interface "eth0" {
   send dhcp-client-identifier 01:aa:bb:cc:dd:ee:ff;
 }

Where aa:bb:cc:dd:ee:ff is the MAC address of this NIC. The MAC address can be found using the ip link show interface command from the iproute2 package.

Missing default route

On at least one KDE4 system, no default route was created when establishing wireless connections with NetworkManager. Changing the route settings of the wireless connection to remove the default selection "Use only for resources on this connection" solved the issue.

3G modem not detected

See USB 3G Modem#Network Manager.

Switching off WLAN on laptops

Sometimes NetworkManager will not work when you disable your Wi-Fi adapter with a switch on your laptop and try to enable it again afterwards. This is often a problem with rfkill. To check if the driver notifies rfkill about the wireless adapter's status, use:

$ watch -n1 rfkill list all

If one identifier stays blocked after you switch on the adapter you could try to manually unblock it with (where X is the number of the identifier provided by the above output):

# rfkill event unblock X

Static IP address settings revert to DHCP

Due to an unresolved bug, when changing default connections to a static IP address, nm-applet may not properly store the configuration change, and will revert to automatic DHCP.

To work around this issue you have to edit the default connection (e.g. "Auto eth0") in nm-applet, change the connection name (e.g. "my eth0"), uncheck the "Available to all users" checkbox, change your static IP address settings as desired, and click Apply. This will save a new connection with the given name.

Next, you will want to make the default connection not connect automatically. To do so, run nm-connection-editor (not as root). In the connection editor, edit the default connection (e.g. "Auto eth0") and uncheck "Connect automatically". Click Apply and close the connection editor.

Cannot edit connections as normal user

See #Set up PolicyKit permissions.

Forget hidden wireless network

Since hidden networks are not displayed in the selection list of the Wireless view, they cannot be forgotten (removed) with the GUI. You can delete one with the following command:

# rm /etc/NetworkManager/system-connections/SSID

This works for any other connection.

VPN not working in GNOME

When setting up OpenConnect or vpnc connections in NetworkManager while using GNOME, you will sometimes never see the dialog box pop up and the following error appears in /var/log/errors.log:

localhost NetworkManager[399]: <error> [1361719690.10506] [nm-vpn-connection.c:1405] get_secrets_cb(): Failed to request VPN secrets #3: (6) No agents were available for this request.

This is caused by the GNOME NM Applet expecting dialog scripts to be at /usr/lib/gnome-shell, when NetworkManager's packages put them in /usr/lib/networkmanager. As a "temporary" fix (this bug has been around for a while now), make the following symlink(s):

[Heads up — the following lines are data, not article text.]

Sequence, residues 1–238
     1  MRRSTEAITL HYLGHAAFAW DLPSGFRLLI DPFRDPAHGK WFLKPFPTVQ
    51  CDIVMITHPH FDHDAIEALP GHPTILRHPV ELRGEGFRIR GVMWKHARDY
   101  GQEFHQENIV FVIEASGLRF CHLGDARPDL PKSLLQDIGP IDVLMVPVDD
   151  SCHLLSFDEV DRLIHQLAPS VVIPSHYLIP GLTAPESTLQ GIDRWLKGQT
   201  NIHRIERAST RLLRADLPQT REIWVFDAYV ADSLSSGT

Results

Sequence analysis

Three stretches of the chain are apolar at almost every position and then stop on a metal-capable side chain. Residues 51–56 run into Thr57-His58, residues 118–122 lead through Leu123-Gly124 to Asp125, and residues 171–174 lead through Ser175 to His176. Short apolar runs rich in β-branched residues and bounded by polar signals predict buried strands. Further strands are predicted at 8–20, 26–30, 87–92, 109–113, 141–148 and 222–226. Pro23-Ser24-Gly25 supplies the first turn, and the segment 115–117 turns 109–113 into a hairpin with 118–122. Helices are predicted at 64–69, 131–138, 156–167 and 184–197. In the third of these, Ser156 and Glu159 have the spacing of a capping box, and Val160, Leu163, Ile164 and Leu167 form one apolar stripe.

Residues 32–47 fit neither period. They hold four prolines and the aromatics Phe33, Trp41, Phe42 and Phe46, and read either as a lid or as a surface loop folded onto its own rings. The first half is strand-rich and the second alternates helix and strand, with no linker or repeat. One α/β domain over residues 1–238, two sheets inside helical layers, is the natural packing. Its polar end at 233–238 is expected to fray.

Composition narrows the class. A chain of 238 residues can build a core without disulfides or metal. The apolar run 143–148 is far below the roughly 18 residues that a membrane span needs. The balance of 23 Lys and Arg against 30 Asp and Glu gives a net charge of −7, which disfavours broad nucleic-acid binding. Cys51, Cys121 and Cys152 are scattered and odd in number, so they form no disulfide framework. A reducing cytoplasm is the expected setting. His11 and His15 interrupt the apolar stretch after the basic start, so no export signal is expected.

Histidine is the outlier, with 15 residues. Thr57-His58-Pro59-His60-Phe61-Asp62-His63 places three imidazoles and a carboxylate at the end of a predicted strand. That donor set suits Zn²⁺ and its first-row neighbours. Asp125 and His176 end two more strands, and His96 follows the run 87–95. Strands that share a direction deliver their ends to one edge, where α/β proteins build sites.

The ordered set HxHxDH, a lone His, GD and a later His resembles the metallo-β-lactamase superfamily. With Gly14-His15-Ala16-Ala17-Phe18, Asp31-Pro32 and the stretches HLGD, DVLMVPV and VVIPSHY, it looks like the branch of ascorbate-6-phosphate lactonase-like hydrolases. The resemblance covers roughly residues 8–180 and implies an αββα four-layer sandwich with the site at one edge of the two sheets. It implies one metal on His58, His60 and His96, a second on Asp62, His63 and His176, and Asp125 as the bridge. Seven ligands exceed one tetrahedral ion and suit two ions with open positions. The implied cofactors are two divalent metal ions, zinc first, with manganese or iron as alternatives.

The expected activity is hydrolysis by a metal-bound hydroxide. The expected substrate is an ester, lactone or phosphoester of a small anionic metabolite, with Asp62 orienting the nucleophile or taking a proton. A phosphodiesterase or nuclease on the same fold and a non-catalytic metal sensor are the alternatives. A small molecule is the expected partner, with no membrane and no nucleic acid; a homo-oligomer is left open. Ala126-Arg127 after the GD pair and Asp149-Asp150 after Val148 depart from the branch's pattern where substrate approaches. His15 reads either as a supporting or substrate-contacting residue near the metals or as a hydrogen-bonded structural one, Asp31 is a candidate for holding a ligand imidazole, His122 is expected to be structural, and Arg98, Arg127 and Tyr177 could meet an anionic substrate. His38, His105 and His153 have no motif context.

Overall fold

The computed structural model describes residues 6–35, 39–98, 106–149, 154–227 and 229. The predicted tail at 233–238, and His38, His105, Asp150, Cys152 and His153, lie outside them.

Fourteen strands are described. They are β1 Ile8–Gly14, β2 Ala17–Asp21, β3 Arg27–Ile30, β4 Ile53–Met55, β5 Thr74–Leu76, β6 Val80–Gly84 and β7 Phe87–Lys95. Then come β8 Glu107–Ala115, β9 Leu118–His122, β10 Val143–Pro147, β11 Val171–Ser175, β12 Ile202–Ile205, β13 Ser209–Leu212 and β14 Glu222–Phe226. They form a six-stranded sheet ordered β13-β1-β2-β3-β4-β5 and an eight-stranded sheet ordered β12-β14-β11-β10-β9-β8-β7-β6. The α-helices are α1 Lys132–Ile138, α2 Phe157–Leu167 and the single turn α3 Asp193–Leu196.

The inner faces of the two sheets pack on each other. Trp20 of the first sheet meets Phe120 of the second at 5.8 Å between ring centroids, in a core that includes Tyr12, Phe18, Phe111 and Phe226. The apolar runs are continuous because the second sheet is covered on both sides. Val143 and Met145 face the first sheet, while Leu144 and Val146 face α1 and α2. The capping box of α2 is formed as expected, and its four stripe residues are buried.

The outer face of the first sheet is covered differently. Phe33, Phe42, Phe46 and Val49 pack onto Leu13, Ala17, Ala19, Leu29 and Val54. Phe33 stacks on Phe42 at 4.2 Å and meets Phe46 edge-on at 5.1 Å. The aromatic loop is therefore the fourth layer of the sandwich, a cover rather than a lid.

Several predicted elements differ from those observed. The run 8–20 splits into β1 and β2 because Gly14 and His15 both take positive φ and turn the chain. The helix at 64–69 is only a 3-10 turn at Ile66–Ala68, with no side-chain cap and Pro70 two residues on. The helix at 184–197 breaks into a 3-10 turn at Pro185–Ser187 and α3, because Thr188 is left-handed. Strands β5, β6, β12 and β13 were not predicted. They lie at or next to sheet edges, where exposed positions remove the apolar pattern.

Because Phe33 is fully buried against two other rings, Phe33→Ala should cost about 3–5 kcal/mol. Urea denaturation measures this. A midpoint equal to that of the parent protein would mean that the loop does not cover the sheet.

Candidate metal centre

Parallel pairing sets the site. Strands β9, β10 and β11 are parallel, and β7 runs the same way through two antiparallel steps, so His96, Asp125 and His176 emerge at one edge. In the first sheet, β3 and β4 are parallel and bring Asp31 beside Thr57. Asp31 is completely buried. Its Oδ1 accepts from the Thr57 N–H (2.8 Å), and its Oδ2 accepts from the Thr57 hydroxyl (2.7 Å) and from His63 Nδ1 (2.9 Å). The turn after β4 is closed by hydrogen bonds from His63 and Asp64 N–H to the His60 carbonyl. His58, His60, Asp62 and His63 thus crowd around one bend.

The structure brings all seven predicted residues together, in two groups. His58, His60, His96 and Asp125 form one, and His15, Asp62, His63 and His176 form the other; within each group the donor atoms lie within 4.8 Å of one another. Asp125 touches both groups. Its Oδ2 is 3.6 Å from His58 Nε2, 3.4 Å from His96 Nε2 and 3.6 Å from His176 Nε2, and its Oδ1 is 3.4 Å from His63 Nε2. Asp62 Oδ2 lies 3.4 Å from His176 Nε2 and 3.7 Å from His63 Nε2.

• For OpenConnect: ln -s /usr/lib/networkmanager/nm-openconnect-auth-dialog /usr/lib/gnome-shell/
  • For VPNC (i.e. Cisco VPN): ln -s /usr/lib/networkmanager/nm-vpnc-auth-dialog /usr/lib/gnome-shell/

This may need to be done for any other NM VPN plugins as well, but these are the two most common.

Unable to connect to visible European wireless networks

WLAN chips are shipped with a default regulatory domain. If your access point does not operate within these limitations, you will not be able to connect to the network. Fixing this is easy:

  1. Install crda
  2. Uncomment the correct Country Code in /etc/conf.d/wireless-regdom
  3. Reboot the system, because the setting is only read on boot

Automatic connect to VPN on boot is not working

The problem occurs when the system (i.e. NetworkManager running as the root user) tries to establish a VPN connection, but the password is not accessible because it is stored in the Gnome keyring of a particular user.

A solution is to keep the password to your VPN in plaintext, as described in step (2.) of #Use dispatcher to connect to a VPN after a network connection is established.

You do not need to use the dispatcher described in step (1.) to auto-connect anymore, if you use the new "auto-connect VPN" option from the nm-applet GUI.

Systemd Bottleneck

Over time the log files (/var/log/journal) can become very large. This can have a big impact on boot performance when using NetworkManager, see: Systemd#Boot time increasing over time.

Regular network disconnects, latency and lost packets (WiFi)

NetworkManager does a scan every 2 minutes.

Some WiFi drivers have issues when scanning for base stations whilst connected/associated. Symptoms include VPN disconnects/reconnects and lost packets, web pages failing to load and then refresh fine.

Running journalctl -f will indicate that this is taking place, messages like the following will be contained in the logs at regular intervals.

NetworkManager[410]: <info>  (wlp3s0): roamed from BSSID 00:14:48:11:20:CF (my-wifi-name) to (none) ((none))

There is a patched version of NetworkManager which should prevent this type of scanning: networkmanager-noscanAUR.

Alternatively, if roaming is not important, the periodic scanning behavior can be disabled by locking the BSSID of the access point in the WiFi connection profile.

Unable to turn on wi-fi with Lenovo laptop (IdeaPad, Legion, etc.)

There is an issue with the ideapad_laptop module on some Lenovo models due to the wi-fi driver incorrectly reporting a soft block. The card can still be manipulated with netctl, but managers like NetworkManager break. You can verify that this is the problem by checking the output of rfkill list after toggling your hardware switch and seeing that the soft block persists.

Tango-inaccurate.pngThe factual accuracy of this article or section is disputed.Tango-inaccurate.png